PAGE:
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tr.v. be·lea·guered, be·lea·guer·ing, be·lea·guers
1. To harass; beset: We are beleaguered by problems.
2. To surround with troops; besiege: The enemy beleaguered the enclave.
[Probably Dutch belegeren : be-, around (from Middle Dutch bie; see ambhi in Indo-European roots) + leger, camp; see legh- in Indo-European roots.]
1. to trouble persistently; harass
2. (Military) to lay siege to
[C16: from be- + leaguer1]
1. to surround with military forces.
2. to beset, as with difficulties; harass: beleaguered taxpayers.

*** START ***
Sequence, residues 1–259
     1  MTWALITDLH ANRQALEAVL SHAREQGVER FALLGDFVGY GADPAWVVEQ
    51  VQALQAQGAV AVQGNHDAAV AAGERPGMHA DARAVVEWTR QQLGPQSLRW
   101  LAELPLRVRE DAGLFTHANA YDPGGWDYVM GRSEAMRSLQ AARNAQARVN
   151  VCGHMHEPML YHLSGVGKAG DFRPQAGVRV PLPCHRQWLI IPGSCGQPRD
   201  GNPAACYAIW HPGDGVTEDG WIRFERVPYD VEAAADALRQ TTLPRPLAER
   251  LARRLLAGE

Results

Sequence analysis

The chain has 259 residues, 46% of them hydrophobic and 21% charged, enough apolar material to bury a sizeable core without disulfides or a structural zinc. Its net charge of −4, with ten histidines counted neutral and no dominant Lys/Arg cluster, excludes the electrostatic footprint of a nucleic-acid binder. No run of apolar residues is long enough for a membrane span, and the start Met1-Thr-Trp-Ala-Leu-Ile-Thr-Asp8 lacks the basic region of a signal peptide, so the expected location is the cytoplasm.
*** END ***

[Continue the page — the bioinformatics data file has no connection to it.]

Past participle: beleaguered
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|Verb||1.||beleaguer - annoy persistently; "The children teased the boy because of his stammer"|
|2.||beleaguer - surround so as to force to give up; "The Turks besieged Vienna"|
attack, assail - launch an attack or assault on; begin hostilities or start warfare with; "Hitler attacked Poland on September 1, 1939 and started World War II"; "Serbian forces assailed Bosnian towns all week"
ebb - hem in fish with stakes and nets so as to prevent them from going back into the sea with the ebb
1. To trouble persistently from or as if from all sides:
2. To disturb by repeated attacks: